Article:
Enrolled Agent Jobs – Correcting Employer Mistakes in SIMPLE IRA Plan
Tax practitioners who obtain the enrolled agent designation provide a large number of services beyond tax return preparation. Business owners in particular often seek the advice of enrolled agents to examine their operations for compliance with tax rules. An example of enrolled agent jobs is to review SIMPLE IRA retirement plans and assist in correcting any errors.
A business that establishes a SIMPLE must have less than 100 employees that are not covered by a collective bargaining agreement with retirement benefits. Each worker who earned $5,000 with the business during any of the two preceding years and is expected to earn that much in the current year is included in the SIMPLE IRA plan.
An enrolled agent is an ideal consultant for a business with a SIMPLE because the basic features of these plans are studied for the EA exam. Employers have two options for making contributions to a SIMPLE. The first choice is contributing 2 percent of compensation to each eligible employee. The second option is making contributions that match employee contributions from wage deferral – up to three percent of compensation.
Because the annual employee contribution maximum is subject to cost-of-living adjustment, the subject is important to review in yearly EA continuing education. Also, an employer can reduce the 3 percent to a lower percentage for up to 2 out of 5 calendar years – but never lower than 1 percent.
A common matter regarding a SIMPLE that a business will rely upon someone with enrolled agent training to identify is whether all eligible employees received correct employer contributions. Every employee who satisfies the eligibility requirements must receive contributions at the same percentage as co-workers. The plan cannot require employment on a particular day, such as the last day of the year.
To find a mistake using EA guidelines, employee payroll information is reviewed. This includes any employee who terminated employment during the year. Contribution calculations for all plan participants are verified. Any incorrect contribution by the employer requires correction. Excess contributions are distributed tax-free to the employee. Insufficient contribution amounts are sent to the employee’s account along with an adjustment for earnings.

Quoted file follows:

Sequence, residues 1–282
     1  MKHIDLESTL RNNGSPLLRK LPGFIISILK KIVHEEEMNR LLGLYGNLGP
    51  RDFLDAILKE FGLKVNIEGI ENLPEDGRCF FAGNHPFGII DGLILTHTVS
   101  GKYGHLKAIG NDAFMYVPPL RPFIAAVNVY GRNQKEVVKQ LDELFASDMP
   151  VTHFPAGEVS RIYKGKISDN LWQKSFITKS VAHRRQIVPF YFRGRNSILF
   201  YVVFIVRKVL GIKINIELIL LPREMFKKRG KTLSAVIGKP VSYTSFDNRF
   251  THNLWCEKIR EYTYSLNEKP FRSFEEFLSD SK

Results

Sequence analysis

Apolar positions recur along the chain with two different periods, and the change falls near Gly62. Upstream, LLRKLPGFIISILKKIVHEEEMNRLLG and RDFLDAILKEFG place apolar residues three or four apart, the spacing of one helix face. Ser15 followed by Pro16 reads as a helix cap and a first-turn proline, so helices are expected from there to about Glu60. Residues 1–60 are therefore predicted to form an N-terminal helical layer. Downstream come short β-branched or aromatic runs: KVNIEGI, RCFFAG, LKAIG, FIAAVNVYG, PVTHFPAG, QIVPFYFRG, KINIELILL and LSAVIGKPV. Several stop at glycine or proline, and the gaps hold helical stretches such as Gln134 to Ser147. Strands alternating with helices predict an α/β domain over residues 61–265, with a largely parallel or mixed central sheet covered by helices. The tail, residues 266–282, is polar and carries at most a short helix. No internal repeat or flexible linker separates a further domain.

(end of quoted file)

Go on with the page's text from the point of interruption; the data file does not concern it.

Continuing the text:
If an eligible employee was not provided with the opportunity to make elective contributions from wages, the corrective action must assume that the employee would have contributed the full 3 percent of compensation. The earnings adjustment is calculated from the day a contribution would have been made. These calculations are complex, which is why a business values the help of an enrolled agent to follow an approved process. An EA may use the IRS self-correction program for the business to correct insignificant mistakes and avoid an IRS penalty. But penalties are assessed for errors discovered by an IRS audit. Therefore, annual retirement plan review is an important service for enrolled agents to market in the business community.
IRS Circular 230 Disclosure
Pursuant to the requirements of the Internal Revenue Service Circular 230, we inform you that, to the extent any advice relating to a Federal tax issue is contained in this communication, including in any attachments, it was not written or intended to be used, and cannot be used, for the purpose of (a) avoiding any tax related penalties that may be imposed on you or any other person under the Internal Revenue Code, or (b) promoting, marketing or recommending to another person any transaction or matter addressed in this communication.